Care of Fall CropsThe beginning of fall garden care comes when the weather and the radio station announce the arrival of the first fall frost. Your main concern then should be to harvest all ripe, tender crops. Summer squash, melons, eggplant, cucumbers, peppers and okra are some of the crops that cannot withstand frost and should be picked immediately. Store the vegetables in a place where they can be held until needed for eating or processing. If the frost warning is mild (predicting no lower than a 30 degrees F low), try covering tender plants such as tomatoes that hold an abundance of immature fruit. Baskets, burlap or canvas sacks, boxes, blankets, or buckets can be used as covers. Warm days after the frost will mature some fruit as long as the plants have nightly frost protection. Much will depend on your garden's microclimate. If your spot is low and unsheltered, it is likely to be a frost pocket. Gardens sheltered from winds and on the upper side of a slope are less susceptible to early frost damage.
When using a cold frame to extend the harvest season, be sure to close the top on frosty nights to protect the plants from the cold. When the sun comes out the next morning and the air warms, open the cold frame again; but leave it closed if daytime temperatures are low.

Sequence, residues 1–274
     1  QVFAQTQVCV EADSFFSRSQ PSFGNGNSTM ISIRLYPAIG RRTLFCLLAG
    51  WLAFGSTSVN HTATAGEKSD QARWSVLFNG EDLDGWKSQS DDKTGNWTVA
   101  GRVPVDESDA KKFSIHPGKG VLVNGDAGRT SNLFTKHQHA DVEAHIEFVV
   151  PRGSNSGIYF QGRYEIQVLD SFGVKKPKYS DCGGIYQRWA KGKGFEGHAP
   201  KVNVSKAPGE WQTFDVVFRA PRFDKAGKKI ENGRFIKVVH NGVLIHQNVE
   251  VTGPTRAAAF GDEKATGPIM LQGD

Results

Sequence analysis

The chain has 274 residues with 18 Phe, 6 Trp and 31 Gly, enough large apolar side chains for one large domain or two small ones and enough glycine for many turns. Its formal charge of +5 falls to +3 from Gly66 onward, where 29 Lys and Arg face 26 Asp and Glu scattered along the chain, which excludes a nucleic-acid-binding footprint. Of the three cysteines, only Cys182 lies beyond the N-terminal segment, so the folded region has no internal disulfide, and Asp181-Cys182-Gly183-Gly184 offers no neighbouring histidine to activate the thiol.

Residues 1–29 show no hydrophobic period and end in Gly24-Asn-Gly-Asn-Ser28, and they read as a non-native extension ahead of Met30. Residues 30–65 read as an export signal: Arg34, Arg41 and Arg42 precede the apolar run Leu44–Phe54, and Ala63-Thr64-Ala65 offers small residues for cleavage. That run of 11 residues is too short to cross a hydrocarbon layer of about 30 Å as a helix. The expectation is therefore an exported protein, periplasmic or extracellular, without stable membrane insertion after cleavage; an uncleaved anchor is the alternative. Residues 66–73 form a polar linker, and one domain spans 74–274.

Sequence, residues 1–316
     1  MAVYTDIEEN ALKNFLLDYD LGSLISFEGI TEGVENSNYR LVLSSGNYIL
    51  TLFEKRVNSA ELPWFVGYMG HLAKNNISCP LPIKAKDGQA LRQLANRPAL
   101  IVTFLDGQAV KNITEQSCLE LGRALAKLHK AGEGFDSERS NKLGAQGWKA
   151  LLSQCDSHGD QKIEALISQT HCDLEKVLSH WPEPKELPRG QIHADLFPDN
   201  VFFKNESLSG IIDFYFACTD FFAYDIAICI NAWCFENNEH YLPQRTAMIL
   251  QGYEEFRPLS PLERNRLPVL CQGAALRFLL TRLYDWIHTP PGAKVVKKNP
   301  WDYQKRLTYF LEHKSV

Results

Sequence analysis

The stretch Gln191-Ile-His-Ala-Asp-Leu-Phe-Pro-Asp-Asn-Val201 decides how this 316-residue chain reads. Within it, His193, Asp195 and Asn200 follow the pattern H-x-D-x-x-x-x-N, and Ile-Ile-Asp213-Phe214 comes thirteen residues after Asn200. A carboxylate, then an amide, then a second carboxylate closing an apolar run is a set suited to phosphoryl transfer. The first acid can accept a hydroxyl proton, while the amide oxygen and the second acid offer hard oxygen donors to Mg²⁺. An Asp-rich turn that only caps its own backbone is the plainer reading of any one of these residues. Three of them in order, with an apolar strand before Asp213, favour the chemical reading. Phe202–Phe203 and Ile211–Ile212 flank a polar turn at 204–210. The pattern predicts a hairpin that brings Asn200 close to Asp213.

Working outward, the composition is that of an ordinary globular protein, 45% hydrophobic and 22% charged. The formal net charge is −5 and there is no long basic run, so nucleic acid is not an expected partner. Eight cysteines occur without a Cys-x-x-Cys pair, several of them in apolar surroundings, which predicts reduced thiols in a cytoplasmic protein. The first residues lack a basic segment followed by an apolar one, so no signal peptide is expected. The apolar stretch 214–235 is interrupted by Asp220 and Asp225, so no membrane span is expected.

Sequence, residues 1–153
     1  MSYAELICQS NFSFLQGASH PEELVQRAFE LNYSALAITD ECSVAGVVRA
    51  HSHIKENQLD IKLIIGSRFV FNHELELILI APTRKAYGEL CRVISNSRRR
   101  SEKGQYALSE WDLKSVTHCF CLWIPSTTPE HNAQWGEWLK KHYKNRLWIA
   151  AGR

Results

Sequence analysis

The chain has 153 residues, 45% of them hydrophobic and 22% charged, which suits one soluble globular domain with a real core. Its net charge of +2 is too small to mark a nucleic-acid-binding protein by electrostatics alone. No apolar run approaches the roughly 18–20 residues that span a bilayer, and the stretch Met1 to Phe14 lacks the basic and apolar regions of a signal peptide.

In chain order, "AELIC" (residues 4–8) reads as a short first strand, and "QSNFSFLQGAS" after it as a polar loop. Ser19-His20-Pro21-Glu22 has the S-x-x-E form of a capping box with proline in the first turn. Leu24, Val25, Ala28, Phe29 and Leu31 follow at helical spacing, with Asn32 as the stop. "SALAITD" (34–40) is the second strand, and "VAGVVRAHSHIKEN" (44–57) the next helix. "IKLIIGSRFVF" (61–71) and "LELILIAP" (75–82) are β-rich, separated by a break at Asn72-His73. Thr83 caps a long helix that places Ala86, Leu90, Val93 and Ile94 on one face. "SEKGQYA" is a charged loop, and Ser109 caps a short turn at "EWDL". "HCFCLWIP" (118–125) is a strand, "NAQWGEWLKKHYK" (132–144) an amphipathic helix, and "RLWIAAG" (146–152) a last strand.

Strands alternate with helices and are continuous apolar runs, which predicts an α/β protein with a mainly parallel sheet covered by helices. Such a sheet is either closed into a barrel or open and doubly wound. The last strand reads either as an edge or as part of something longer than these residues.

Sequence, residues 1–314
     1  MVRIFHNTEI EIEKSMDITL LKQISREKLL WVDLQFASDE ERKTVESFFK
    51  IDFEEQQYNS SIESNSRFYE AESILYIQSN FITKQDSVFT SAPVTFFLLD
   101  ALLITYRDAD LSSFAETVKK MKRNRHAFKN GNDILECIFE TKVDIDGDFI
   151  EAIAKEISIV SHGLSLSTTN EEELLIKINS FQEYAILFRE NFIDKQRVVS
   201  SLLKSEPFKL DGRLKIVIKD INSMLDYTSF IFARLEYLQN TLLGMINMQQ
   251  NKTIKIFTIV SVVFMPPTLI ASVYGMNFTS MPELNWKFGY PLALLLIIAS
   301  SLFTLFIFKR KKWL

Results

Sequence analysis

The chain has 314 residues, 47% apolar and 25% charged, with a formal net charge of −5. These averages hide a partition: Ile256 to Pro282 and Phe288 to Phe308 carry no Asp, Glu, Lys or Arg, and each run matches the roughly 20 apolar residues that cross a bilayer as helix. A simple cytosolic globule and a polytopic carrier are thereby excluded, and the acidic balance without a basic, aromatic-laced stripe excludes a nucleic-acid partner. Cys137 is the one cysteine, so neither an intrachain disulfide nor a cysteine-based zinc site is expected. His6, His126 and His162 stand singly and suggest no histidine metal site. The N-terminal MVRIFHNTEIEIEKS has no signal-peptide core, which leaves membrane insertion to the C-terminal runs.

Cool-season crops such as cabbage, cauliflower, broccoli, spinach, and Brussels sprouts can withstand some cold. In fact, their flavor may be enhanced after a frost. They cannot stay in the garden all winter, but do not need to be picked immediately when frost comes. Kale, spinach, evergreen bunching onions, lettuce, parsley, parsnips, carrots and salsify are some crops that may survive all winter in the garden. Mulch these overwintering vegetables with 8" of mulch to prevent heaving of the soil. Most of these vegetables can be dug or picked as needed throughout the winter or in early spring.
Prepare perennial vegetables for winter by topdressing with manure or compost and a layer of mulch which reduces damage from freezing and thawing. Dead leaf stalks of perennial vegetables such as asparagus and rhubarb should be cut to the ground after their tops are killed by frost (though some people prefer to leave asparagus stalks until late winter for added insulation). Don't forget strawberry beds. Remove weeds that you let grow when you were too busy last summer. If strawberry plants are healthy and vigorous, transplant some of the runner plants by carefully digging a good-sized ball of soil with the roots. Mulch the bed well with a light material. Old raspberry canes can be cut back at this time or late in the winter.
When tender crops have been harvested and overwintering crops cared for, pull up all stakes and trellises in the garden except those that are marking the sites of overwintering plants. Clean stakes and trellises of remnants of plant materials and soil. Hose them down and allow to dry. Tie stakes in bundles and stack them so that they won't get lost over the winter. If possible, roll up trellises and tie them securely. Store these items in side your attic, barn, or shed in an area where they are out of the way, and where rodents and other animals cannot use them as winter nests.